|When papal spokesperson
Joaquin Navarro-Valls was asked recently by the Associated Press for a
comment on the National Catholic Reporter, he would say only that
it is “one of hundreds of publications we receive from around the
world.” Maybe Navarro was just busy that day, but the comment sounds dismissive,
like a way of signaling disapproval by making the paper seem marginal.
I hasten to add that
Navarro and his staff have been nothing but helpful to me, and that in
my experience the Vatican is far more relaxed about critical journalism
than certain U.S. chanceries. Nevertheless, my guess is that NCR
is probably not on Navarro’s “recommended reading” list.
Of course, I understand
why representatives of an institution may grind their teeth when reading
publications that are sometimes critical. Recent experience, however, has
brought home for me anew why Navarro and his employers should welcome independent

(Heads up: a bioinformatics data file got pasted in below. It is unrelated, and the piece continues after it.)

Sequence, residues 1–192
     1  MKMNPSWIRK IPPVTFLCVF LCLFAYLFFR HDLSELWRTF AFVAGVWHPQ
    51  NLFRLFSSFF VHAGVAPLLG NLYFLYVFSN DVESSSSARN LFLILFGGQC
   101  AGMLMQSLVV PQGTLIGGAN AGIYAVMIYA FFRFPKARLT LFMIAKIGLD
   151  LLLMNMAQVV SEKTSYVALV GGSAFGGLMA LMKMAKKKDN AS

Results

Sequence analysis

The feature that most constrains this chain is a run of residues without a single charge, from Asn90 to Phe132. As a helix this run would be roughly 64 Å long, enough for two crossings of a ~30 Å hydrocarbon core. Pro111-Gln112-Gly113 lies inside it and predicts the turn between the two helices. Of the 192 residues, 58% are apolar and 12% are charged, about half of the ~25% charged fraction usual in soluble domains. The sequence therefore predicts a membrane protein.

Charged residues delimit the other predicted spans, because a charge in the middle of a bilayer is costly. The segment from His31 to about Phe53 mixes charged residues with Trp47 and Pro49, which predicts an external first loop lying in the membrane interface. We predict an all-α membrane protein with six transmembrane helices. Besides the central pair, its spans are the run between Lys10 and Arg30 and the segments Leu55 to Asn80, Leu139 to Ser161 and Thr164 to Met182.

specialized reporting on Vatican affairs.
One of the big religion
stories of the past month was the issuance of new Vatican norms for handling
internal discipline of priests accused of certain grave offenses, including
sexual abuse of children. The norms create a new tribunal in the Congregation
for the Doctrine of the Faith to handle these cases, specify that Rome
must be informed of all accusations, and allow the Vatican to decide if
the case will be handled first at the local level or in Rome.
For those of us who follow
the beat, it was not news; Catholic News Service broke the story,
and I first wrote about it in the NCR of Dec. 14. It was not until
a papal document enacting the new norms was published in early January,
however, that the major international news services took note.
Much of the coverage
was hostile, emphasizing in dark tones that the church wanted these cases
handled in “secret courts” in Rome, thus hinting at cover-ups and stonewalling.
When the story broke,
I spent the better part of two days doing radio and TV in England, Ireland,
Canada and the United States, explaining that this was not a Vatican cover-up,
and that the norms seem a balanced solution to a real problem. I think
my comments, with those of other observers, helped diffuse what had threatened
to escalate into an anti-Vatican media crusade.
For one thing, these
norms deal only with the church’s internal discipline of a priest accused